A Bipartisan Approach to Amending the Affordable Care Act

President-elect Donald Trump and the new Republican leaders in Congress have announced that their first legislative priority is to repeal and replace the Affordable Care Act. This will be far easier said than done. As they consider their options, they face at least three significant obstacles.

First, every American has legal protections that didn’t exist ten years ago. We are guaranteed the opportunity to purchase insurance regardless of our health condition. Women cannot be required to pay more for insurance than men for the same health insurance policy. Annual and lifetime limits are prohibited for most benefits. And young adults up to the age of 26 are able to sign up on their parents’ plan.

Each of these new protections are overwhelmingly popular among Americans of all political stripes. But there is a catch. The only way that each of these new guarantees can work is if there is a large enough pool of healthy people paying into a health insurance pool to balance the costs of those who are not.

That is the simple rationale behind the individual mandate created in the ACA — no mandate, no guarantees. It is the same premise that has sustained the Medicare program for the past 50 years. The only alternative would be to fund these protections out of general tax revenues, but with our national federal debt approaching $20 trillion for the first time in all of American history, that option should not even be on the table.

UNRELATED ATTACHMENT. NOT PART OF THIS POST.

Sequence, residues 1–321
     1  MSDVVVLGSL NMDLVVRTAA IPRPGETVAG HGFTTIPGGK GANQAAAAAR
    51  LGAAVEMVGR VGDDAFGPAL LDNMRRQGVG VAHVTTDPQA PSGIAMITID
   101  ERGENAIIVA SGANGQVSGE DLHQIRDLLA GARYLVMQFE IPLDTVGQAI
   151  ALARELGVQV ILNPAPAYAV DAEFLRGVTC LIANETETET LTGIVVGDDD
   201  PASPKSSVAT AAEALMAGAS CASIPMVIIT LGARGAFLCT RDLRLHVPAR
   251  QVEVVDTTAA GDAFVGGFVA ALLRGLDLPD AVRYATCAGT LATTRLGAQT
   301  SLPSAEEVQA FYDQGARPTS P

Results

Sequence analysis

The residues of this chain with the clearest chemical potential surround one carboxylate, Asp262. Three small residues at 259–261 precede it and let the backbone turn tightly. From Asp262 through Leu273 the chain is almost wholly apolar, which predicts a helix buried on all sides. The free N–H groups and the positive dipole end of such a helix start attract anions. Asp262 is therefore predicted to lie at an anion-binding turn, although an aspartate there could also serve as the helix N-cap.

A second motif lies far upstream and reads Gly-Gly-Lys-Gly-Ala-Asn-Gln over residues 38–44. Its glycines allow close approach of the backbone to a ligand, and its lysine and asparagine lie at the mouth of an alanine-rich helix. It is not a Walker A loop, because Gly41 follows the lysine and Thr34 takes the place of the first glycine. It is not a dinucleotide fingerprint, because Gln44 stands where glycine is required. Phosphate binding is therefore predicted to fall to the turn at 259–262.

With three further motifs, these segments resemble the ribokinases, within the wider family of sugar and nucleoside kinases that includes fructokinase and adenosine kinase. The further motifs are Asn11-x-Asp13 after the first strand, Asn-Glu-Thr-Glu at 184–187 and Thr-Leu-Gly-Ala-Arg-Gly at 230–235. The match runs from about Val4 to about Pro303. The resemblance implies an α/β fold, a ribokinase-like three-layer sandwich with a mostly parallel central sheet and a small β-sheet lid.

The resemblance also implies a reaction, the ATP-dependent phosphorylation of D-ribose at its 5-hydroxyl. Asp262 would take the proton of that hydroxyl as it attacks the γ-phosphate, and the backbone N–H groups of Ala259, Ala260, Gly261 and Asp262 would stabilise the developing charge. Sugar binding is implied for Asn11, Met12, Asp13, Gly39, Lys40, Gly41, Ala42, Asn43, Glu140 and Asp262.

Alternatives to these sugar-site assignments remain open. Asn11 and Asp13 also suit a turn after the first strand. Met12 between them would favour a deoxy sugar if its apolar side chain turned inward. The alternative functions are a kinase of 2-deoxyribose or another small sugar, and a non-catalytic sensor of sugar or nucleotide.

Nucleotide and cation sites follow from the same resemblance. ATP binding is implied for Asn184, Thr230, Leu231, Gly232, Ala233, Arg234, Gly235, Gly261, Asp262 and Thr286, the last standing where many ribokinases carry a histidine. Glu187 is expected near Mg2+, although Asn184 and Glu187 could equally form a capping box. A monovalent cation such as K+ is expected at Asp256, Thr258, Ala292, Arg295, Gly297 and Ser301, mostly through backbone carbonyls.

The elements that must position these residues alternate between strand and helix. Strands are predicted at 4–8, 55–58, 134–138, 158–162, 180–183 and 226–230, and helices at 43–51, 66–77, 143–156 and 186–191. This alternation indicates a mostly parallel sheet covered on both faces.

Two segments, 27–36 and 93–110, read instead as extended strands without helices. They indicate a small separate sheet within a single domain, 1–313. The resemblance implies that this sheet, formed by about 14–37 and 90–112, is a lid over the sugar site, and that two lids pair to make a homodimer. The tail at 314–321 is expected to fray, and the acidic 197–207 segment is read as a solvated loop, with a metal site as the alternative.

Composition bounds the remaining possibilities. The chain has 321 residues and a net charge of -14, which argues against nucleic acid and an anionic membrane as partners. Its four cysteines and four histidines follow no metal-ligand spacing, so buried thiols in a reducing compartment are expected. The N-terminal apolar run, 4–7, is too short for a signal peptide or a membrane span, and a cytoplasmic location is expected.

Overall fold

Second, 31 states have availed themselves of the opportunity to expand the Medicaid program with no more than a 10 percent financial commitment to offsetting the additional cost of the newly eligible. In addition to providing health benefits for roughly more than nine million people, Medicaid expansion has created an enormously consequential economic stimulus.

The total value of this expanded program through 2020 is conservatively estimated to be over a half-trillion dollars and more than a million new jobs. This economic, job-creating benefit was never mentioned during the election cycle, but will be a major issue for every participating governor as they analyze the impact of the loss of the program on their state budgets in the coming years.

Third, more than 11 million Americans now have coverage through the national system of health insurance exchanges that have been in operation for the past four years. This is nearly 80 percent of the current individual marketplace. Almost all of these individuals lack access to health insurance through their place of employment and, until the passage of the ACA, were oftentimes prohibited from purchasing insurance because of pre-existing health problems.